The Seattle Public Library will host author Sarah Schulman for her first Seattle visit in over a decade. Schulman will be in conversation with author and activist Mattilda Bernstein Sycamore to discuss the cultural phenomena of blame, cruelty and scapegoating from 7 p.m. to 9 p.m. Tuesday, Jan. 17 at the Central Library, 1000 Fourth Ave., Level 1, Microsoft Auditorium, 206-386-4636.

Library events are free and open to the public. Registration is not required. Parking in the Central Library garage will be available for $6 after 5 p.m. Doors will open at 6:30 p.m.

"Conflict Is Not Abuse: Overstating Harm, Community Responsibility, and the Duty of Repair" is Schulman's rejection of the cultural phenomena of blame, cruelty and scapegoating. Schulman examines the moment where discomfort leads to overreaction in personal relations, in group dynamics, between governments and civilians, and between nations. She addresses police brutality, the anti-violence movement, HIV criminalization, the Israeli occupation of Palestine, and many other hot-button issues, exposing the trajectory from oppressed to oppressor, in order to illuminate a path toward de-escalation of conflict.

While the book starts by scrutinizing the dynamics of intimate relationships, it is ultimately about saving lives.

Schulman is the author of 18 books, including "The Cosmopolitans," "The Gentrification of the Mind: Witness to a Lost Imagination" and "My American History: Lesbian and Gay Life During the Reagan/Bush Years." Schulman is the co-director of the ACT UP oral history project. Her awards include the 2009 Kessler Award for "Sustained Contribution to LGBT Studies" from the Center for Lesbian and Gay Studies, a Guggenheim Fellowship, a Fulbright Fellowship, two American Library Association Book Awards, and she was a finalist for the Prix de Rome. She lives in New York, where she is Distinguished Professor of English at City University of New York (College of Staten Island) and a Fellow at the New York Institute for the Humanities at NYU.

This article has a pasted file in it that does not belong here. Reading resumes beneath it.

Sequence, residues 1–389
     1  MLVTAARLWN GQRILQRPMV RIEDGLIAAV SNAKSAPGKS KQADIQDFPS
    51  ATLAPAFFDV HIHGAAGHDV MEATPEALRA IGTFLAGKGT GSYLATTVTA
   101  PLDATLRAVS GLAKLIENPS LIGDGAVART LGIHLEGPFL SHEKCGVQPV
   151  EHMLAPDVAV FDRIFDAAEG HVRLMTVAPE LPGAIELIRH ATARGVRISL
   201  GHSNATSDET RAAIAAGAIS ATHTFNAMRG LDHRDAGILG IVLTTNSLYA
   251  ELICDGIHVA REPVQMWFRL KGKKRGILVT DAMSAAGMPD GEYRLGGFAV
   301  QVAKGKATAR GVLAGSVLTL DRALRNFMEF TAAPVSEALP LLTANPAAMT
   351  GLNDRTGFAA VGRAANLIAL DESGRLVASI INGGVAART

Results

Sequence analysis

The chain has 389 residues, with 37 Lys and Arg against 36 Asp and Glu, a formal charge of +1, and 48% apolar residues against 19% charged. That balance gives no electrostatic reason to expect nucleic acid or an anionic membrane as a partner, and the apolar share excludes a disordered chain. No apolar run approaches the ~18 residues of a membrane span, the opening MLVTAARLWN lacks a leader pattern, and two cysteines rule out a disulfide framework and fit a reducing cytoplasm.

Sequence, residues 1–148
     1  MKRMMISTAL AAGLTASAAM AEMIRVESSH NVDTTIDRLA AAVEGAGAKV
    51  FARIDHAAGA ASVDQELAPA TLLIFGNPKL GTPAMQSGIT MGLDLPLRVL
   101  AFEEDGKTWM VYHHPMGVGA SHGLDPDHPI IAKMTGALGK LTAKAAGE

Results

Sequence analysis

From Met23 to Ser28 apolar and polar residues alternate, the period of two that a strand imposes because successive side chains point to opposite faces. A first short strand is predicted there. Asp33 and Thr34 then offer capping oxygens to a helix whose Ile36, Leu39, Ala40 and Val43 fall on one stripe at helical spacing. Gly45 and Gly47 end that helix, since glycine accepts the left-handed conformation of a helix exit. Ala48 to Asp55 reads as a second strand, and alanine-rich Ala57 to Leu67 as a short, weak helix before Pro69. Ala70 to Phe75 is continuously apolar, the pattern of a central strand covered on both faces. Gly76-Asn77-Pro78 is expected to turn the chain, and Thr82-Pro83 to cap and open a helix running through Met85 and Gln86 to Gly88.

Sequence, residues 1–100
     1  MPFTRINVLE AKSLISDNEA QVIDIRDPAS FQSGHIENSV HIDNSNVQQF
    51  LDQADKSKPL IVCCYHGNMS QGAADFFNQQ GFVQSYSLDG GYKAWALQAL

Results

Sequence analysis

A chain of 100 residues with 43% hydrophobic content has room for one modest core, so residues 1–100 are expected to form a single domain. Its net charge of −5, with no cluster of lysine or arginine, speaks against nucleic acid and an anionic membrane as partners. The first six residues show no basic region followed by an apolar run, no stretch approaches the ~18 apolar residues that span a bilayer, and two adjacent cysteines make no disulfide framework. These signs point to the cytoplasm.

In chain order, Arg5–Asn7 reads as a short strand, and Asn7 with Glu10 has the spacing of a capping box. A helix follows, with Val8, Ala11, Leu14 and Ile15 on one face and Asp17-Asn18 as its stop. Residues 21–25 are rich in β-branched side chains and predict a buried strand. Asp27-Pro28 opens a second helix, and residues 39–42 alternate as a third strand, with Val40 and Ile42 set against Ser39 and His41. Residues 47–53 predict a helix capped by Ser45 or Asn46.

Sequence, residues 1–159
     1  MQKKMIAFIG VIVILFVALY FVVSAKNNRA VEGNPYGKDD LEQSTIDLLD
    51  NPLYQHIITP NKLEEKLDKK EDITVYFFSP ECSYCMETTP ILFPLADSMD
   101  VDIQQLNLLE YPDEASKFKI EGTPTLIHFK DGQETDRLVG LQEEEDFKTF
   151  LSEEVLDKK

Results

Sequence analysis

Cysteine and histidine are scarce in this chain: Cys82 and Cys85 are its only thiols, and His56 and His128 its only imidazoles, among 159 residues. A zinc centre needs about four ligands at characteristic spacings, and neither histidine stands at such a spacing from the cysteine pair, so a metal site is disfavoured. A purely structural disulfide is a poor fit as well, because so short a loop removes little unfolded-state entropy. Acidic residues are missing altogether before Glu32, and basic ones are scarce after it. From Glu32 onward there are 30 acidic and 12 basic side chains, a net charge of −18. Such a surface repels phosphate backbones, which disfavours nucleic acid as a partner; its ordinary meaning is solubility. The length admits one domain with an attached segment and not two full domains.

Sycamore is the author of a memoir and two novels, and the editor of five nonfiction anthologies. Her latest title, "The End of San Francisco," won a Lambda Literary Award, and her most recent anthology, "Why Are Faggots So Afraid of Faggots? Flaming Challenges to Masculinity, Objectification, and the Desire to Conform," was an American Library Association Stonewall Honor Book. She recently finished a third novel, "Sketchtasy," and is the host of Contagious Exchanges: Queer Writers in Conversation, a monthly reading series at Hugo House on first Wednesdays.